The East African Country of Uganda is already dealing with a long-standing water crisis, but as it opens its schools after the world’s most extended school closure, more water troubles lie ahead. 

While the reopening of schools is good news for many students and their families, schools must meet the government’s requirements to provide clean drinking water for students to reopen. So, in addition to intensifying the country’s water crisis, it’s also created a highly urgent need.


The Current, Urgent Situation

Uganda schools reopened in early January 2022 after being fully or partially shut for more than 83 weeks due to the COVID-19 pandemic. According to the United Nation’s cultural agency, it was the most prolonged school disruption globally, affecting more than 10 million learners.

Meeting the government’s requirements to provide clean drinking water for students has many schools, officials, and organizations scrambling because many school facilities were robbed of equipment while empty. Unfortunately, the thieves’ bounty included the machinery and materials that provided clean water to students. That means that the schools cannot provide clean water without adequate tanks and filter systems.


Finding Solutions to Address the Urgent Situation

Thirst Relief and Connect Africa have identified and located equipment to help schools achieve this goal. The equipment includes 25 rainwater harvesting tanks. However, before it can be put into service, the equipment will need to be rehabilitated to replace missing or broken parts. For example, refitting them with waterproof tanks will be necessary, and biosand filters can be reinstalled, after reprocessing the BSF filter media.


Why It Matters

Uganda already suffers in various ways due to a lack of clean water. However, the number of people in Uganda without clean water varies depending on the source.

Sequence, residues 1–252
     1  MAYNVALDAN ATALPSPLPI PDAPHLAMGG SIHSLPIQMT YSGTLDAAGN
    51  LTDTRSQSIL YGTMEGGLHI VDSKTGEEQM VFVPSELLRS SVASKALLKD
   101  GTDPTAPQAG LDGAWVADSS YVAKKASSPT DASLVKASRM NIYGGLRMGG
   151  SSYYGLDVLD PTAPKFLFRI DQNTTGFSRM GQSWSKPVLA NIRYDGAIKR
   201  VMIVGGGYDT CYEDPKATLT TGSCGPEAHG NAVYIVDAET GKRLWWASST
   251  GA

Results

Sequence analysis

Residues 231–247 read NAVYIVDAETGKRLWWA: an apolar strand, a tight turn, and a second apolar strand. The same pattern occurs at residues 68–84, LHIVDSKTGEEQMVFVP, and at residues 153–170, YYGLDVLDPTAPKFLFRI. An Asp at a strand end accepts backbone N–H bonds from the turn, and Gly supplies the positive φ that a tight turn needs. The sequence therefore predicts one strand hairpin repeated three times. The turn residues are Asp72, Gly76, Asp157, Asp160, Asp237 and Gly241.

Clean Water Access

According to the Joint Monitoring Programme (JMP)—the United Nations and World Health Organization’s (WHO) mechanism tasked with monitoring water, sanitation, and hygiene progress—19 percent of the Ugandan population relies on unimproved or surface water for their daily needs. As a result, over eight million people drink from sources like streams, ponds, and unprotected hand-dug wells.

Added to that are another 32 percent of the population with “limited” access to clean water, meaning that the water may be safe but requires a journey of more than 30 minutes to collect. Based on that information, the JMP calculates that leaves 21 million people in Uganda without access to clean drinking water.

Poor Sanitation, Hygiene, and Disease

Unequal access to clean water also makes it challenging for Ugandans to have adequate sanitation, which leads to poor hygiene, a cause of many childhood diseases. For example, diarrhea kills 33 children per day in Uganda. 

Uganda has a high under-five mortality rate caused partly by the country’s WASH problem. One in every 22 children do not live to see their fifth birthday, and diarrheal disease is a leading cause of death. 

Further contributing to the sanitation crisis is a lack of hygienic toilets, with many people using buckets and pit latrines without slabs. In addition, six percent of the population practice open defecation, which means that human feces flow into rivers, open wells, and swamps—all sources for drinking water.

​​Early childhood diarrhea is not only deadly; it also contributes to Uganda’s high levels of stunting, which affects the cognitive development and performance of children at school. In school, lack of proper sanitation facilities also leads to high absenteeism rates and dropouts, especially among girls.


You Can Help Uganda’s Students Get Back to Learning

Of course, all those repairs cost money. So first, money is needed to pay workers to work on repairs. Then, funds are also needed to purchase supplies for repairs or to purchase new parts. 

Your support can help the Thirst Relief team and its partners ensure that children in Uganda can focus on learning, the best long-term solution to lift families out of poverty in Uganda. In addition, donations will help us repair the equipment to help schools comply with government regulations. Ready to help make a difference?